Australia's oil shale resources are estimated at about 58 billion barrels, or 4,531 million tonnes of shale oil. The deposits are located in the eastern and southern states, with the greatest feasibility in the eastern Queensland deposits. Between 1862 and 1952, Australia mined four million tonnes of oil shale. The mining stopped when government support ceased. Since the 1970s, oil companies have been exploring possible reserves. From 2000 to 2004, the Stuart Oil Shale Project near Gladstone, Queensland produced over 1.5 million barrels of oil. The facility, in operable condition, is on care and maintenance and its operator (Queensland Energy Resources) is conducting research and design studies for the next phase of its oil-shale operations. A campaign by environmentalists opposed to the exploitation of oil-shale reserves may also have been a factor in its closure.
Renewable energy has potential in Australia, and the Climate Change Authority is reviewing the 20-percent Renewable Energy Target (RET). The production of 50 megawatts of wind power (power for nearly 21,000 homes annually) creates about 50 construction jobs and five staff positions.
Supply and potential savings
Possible future electricity oversupply
TRUEnergy (now Energy Australia) said in 2011 that electricity producers in Australia are not building gas-fired power stations, while the four major banks are unwilling to make loans for coal-fired power stations. Additionally, with increasing energy efficiency and continual investment in renewable energy, Australia is trending towards an oversupply of energy.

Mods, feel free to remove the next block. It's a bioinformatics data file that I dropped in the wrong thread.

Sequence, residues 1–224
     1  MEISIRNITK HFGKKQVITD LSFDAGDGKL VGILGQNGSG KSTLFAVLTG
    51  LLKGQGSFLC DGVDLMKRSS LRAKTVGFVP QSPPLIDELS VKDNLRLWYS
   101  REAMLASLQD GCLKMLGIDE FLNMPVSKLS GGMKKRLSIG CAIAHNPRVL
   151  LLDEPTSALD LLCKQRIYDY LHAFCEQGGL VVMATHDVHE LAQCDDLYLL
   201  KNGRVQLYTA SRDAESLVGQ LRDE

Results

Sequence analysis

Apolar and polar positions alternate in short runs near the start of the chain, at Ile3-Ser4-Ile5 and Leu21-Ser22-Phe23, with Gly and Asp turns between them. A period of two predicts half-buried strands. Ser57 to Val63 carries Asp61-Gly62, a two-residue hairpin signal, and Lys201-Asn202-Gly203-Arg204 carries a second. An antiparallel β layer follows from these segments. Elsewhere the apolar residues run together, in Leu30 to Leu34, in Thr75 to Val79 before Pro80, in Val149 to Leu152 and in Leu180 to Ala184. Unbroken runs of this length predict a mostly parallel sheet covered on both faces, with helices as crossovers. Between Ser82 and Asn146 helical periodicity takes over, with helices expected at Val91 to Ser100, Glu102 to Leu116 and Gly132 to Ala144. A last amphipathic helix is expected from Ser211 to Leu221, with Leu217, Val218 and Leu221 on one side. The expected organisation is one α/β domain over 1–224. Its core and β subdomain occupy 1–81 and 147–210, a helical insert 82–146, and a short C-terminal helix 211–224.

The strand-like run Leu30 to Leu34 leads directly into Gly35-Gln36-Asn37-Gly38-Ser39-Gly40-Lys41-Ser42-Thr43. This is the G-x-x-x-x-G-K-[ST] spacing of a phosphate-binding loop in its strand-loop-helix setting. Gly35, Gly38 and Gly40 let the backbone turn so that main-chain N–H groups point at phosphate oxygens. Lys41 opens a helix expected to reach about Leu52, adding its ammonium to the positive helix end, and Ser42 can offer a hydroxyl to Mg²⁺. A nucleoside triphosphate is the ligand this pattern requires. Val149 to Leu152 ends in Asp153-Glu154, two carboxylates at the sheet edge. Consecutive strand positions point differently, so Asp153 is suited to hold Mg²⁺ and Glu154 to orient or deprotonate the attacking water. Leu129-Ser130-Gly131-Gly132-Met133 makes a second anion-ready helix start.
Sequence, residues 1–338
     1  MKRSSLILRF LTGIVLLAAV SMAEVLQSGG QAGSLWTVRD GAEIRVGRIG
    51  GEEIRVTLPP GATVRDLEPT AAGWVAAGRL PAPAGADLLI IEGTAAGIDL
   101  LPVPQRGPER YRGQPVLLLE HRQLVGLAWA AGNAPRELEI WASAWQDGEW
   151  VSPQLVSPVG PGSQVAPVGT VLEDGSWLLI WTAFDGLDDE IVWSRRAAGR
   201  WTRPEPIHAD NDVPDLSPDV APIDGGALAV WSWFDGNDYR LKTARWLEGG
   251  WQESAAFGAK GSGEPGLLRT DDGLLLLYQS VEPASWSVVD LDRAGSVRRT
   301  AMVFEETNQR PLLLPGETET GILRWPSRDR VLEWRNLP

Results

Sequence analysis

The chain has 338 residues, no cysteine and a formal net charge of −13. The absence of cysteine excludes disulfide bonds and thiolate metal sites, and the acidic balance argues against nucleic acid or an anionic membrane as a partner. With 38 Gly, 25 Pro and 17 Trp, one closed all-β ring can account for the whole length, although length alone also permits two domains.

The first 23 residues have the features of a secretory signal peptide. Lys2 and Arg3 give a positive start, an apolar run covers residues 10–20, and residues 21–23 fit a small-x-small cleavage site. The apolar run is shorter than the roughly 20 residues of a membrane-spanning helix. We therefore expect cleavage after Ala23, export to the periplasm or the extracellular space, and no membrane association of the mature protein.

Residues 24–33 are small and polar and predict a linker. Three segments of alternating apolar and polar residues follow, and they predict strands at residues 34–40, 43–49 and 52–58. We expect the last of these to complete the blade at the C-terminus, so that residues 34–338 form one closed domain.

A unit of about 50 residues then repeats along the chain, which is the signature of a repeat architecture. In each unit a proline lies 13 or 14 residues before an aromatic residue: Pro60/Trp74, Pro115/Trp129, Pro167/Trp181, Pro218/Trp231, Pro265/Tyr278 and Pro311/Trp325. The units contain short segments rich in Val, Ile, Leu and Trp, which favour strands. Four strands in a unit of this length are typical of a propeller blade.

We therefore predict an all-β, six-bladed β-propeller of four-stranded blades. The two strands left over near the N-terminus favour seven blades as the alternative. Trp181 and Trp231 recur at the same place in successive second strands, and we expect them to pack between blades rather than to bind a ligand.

Australian total emissions in 2007 were 396 million tonnes of CO2. That year, the country was among the top polluter nations of the world per capita. Australian per-capita emissions of carbon dioxide in 2007 were 18.8 tons of CO2, compared to the EU average of 7.9 tons. The change in emissions from 1990 to 2007 was +52.5 percent, compared to the EU's -3.3 percent.
In March 2009 British economist Nicholas Stern warned governments at an international climate meeting of the high cost of climate change, saying that policy-makers needed to consider the probable impact of temperature increases of six degrees Celsius or more. The target of limiting temperature rise to two degrees Celsius above pre-industrial levels is no longer realistic, because global emissions have grown faster than expected. An increase of more than five degrees Celsius (nine degrees Fahrenheit) is "likely to lead to major disruption and large-scale movement of population", and its effects would be "catastrophic" and "far outside human experience". The per-capita carbon footprint in Australia was rated 12th in the world by PNAS in 2011.
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- Australia's largest solar farm opens amid renewable target debate The Greenough River Solar project in Western Australia is expected to have enough capacity to power 3,000 homes The Guardian 10 October 2